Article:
The iPhone dev team announced a few days ago that the jailbreak technique they discovered for the 2nd gen iPod touch will likely work on the new iPhone 3G S. At first I was excited to hear about this.. If they can jailbreak it then it’s only a matter of time until they publish an unlock and I can go back to T-Mobile prepaid. This would save me over $1000 over the next two years. As an iPhone user this is great news.
But as an iPhone developer, this is very sad news. If you can jailbreak your phone then you can run unsigned code on it, which means you’ll be able to pirate games on the 3G S.
Now I’m not someone to whine about piracy. That would make me a massive hypocrite. But growing up in an age when tty spoofing and blue boxes still worked has given me a bit of a nuanced view on piracy (and security systems in general). I don’t think it should be illegal for people hack systems in order to gain greater access to them, or to utilize the fruits of their work to break intellectual property laws (which need overhauling anyways). But I do think it should be the right of intellectual property holders and security system developers to do everything they can to prevent people from gaining access to their systems and utilizing their work in new and different ways than they intended.
So back when Apple first launched the App Store it was happy days for everyone. You could run homebrew code unsigned using a variety of pwn tools, but you could also pay for software through the App Store–and this paid software could only be ran on devices that it was digitally signed to run on. But then the hackers figured out a way to effectively unsign signed apps and then you could run a paid application on any phone. I’m not saying this is wrong. It’s just sad that Apple’s encryption was defeated.
I was hoping the 3G S would turn the tides back in the IP holder’s favor, making it impossible–at least for a short time–to run apps that weren’t signed specifically for you on your phone. I mean, eventually it needs to happen (duh!) but I was hoping it would be another year, or at least another 6-9 months.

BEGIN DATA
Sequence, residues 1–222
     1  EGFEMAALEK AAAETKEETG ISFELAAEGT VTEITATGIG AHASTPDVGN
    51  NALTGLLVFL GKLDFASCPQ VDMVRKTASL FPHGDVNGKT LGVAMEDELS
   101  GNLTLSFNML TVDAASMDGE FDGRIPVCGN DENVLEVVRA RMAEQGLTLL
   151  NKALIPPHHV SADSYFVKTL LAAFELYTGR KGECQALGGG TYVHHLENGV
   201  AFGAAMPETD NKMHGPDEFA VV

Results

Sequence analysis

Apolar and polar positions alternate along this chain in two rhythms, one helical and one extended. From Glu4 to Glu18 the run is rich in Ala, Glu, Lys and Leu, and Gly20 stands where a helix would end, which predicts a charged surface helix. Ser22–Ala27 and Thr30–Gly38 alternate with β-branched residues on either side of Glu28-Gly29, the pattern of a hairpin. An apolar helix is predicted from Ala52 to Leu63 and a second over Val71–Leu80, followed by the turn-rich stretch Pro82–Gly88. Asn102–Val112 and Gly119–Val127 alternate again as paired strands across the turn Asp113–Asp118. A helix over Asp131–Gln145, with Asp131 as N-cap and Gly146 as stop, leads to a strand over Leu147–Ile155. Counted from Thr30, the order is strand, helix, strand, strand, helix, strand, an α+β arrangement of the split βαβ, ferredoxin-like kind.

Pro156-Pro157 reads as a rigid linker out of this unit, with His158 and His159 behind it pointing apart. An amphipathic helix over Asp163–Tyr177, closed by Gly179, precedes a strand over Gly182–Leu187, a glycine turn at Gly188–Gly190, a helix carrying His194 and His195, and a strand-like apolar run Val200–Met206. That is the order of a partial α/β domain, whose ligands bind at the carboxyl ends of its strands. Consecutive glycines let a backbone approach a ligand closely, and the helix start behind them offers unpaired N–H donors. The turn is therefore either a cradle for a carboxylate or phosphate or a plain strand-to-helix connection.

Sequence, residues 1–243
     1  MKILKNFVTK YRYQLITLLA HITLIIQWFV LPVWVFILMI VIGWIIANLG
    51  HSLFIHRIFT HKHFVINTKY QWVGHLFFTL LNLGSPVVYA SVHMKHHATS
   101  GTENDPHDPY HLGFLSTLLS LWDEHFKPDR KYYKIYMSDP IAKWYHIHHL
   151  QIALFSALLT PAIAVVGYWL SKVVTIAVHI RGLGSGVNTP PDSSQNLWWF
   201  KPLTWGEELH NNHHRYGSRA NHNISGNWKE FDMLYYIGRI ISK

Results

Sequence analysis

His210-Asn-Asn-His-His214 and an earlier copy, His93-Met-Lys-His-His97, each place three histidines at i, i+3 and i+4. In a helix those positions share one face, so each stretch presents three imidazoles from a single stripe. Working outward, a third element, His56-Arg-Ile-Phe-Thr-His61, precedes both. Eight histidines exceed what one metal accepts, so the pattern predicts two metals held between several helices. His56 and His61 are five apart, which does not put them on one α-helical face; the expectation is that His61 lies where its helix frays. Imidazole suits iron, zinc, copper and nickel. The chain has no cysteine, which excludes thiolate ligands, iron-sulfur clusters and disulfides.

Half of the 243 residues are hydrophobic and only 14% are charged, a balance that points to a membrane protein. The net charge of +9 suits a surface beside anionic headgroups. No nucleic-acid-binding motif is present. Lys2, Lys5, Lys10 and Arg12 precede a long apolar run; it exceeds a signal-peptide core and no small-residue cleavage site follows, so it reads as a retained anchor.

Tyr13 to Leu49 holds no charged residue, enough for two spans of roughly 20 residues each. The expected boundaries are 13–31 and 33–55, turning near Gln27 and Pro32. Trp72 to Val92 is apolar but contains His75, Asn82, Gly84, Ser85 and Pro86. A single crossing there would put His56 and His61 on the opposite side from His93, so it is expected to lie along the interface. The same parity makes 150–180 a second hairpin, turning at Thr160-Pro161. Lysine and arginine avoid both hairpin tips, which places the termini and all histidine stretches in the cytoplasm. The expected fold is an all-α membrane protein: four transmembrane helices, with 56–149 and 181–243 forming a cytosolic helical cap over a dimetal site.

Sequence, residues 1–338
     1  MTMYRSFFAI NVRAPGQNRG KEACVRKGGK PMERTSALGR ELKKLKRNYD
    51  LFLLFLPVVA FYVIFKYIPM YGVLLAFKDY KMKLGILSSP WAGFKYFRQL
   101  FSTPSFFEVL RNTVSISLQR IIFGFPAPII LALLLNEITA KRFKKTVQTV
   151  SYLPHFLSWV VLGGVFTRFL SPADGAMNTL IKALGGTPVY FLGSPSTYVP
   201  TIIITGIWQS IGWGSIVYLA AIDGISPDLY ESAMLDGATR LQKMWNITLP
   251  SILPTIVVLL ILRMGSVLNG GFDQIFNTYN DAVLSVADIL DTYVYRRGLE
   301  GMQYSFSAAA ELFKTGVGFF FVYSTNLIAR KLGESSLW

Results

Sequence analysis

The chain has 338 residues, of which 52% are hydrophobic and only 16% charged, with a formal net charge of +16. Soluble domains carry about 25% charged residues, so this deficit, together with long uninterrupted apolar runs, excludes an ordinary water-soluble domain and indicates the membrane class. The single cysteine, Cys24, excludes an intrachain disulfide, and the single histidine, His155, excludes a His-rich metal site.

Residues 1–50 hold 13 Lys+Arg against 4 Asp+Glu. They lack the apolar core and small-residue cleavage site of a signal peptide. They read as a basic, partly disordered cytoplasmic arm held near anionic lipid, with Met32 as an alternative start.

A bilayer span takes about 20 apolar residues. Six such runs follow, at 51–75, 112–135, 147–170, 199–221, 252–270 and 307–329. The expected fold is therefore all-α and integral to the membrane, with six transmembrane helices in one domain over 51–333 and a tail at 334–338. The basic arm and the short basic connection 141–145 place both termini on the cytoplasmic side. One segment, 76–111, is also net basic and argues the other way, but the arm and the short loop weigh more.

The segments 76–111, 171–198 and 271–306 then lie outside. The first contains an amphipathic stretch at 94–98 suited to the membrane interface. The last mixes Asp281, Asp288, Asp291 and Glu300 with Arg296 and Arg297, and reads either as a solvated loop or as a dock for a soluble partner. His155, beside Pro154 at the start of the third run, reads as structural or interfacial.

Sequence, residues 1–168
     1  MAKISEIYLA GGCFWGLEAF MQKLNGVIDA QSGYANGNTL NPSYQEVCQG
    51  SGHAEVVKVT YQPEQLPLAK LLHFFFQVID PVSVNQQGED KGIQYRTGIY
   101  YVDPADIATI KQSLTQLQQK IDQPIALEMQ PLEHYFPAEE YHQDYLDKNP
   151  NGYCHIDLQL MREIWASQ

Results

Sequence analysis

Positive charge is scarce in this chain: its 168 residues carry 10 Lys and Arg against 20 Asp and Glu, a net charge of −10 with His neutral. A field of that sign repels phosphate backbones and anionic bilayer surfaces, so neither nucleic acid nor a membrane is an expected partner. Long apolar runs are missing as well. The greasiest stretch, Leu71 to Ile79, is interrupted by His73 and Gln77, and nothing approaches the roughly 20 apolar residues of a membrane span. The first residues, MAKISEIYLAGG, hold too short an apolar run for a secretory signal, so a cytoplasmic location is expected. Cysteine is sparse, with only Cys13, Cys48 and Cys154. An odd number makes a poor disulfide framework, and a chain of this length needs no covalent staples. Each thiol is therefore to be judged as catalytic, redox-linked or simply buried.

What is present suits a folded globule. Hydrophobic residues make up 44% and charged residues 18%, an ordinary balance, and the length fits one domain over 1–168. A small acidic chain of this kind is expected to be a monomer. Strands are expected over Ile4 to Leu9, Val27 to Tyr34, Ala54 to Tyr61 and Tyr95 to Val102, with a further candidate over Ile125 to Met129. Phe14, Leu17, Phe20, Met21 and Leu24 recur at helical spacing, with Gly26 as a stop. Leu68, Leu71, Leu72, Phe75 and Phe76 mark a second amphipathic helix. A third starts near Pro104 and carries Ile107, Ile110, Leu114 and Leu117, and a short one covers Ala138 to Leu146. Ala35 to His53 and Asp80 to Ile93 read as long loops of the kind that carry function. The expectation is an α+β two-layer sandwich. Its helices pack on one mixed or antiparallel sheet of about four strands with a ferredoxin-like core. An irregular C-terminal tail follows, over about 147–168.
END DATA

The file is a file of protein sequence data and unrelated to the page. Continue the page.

So I have mixed feelings. I wish they would release a baseband exploit that frees us from the tyranny of AT&T and not a jailbreak that allows people to pirate my one dollar game. But I seriously doubt the holders of these exploits will be that generous. 🙂
Update: Shoutout to the guys on the iPhone Games Network who discussed this post on a recent podcast. I wouldn’t quite say I’m “pleading” with the hacker community to not release a jailbreak (afaik you need the jailbreak in order to apply the baseband exploit anyways), I’m just saying it would be incredibly awesome of them to release a baseband crack that doesn’t jailbreak your phone. 🙂 And quite honestly, I think Apple would feel the same way. They probably hate AT&T more than the rest of us combined–it was pretty obvious in their WWDC talks there was some friction there.
I’ve decided to put the foundation I wrote for Anytime Golf up for sale. I’m calling it the Bork3D Game Engine. I think I can carve out a niche in the iPhone engine space for programmer-types with high expectations of the hardware that want a solid foundation on which to build their game. There are other options out there but I believe most game developers look at those and fear (rightfully so, I hear) that those other options won’t meet their performance criteria.
Selling a game engine is an interesting thing. I think the Unity folks have a good business model: they’re clearly targeting non-programmer types who want to put together something 3D quickly. Torque has their iTGB offering that’s similar. There’s a good deal of money to be made there. Unfortunately it doesn’t produce great games. (Oh no he didn’t!) OK in fairness these engines produce awesome games on PC. They are awesome PC engines. I’m a licensed Torque user and I love it. They’re just not mobile engines.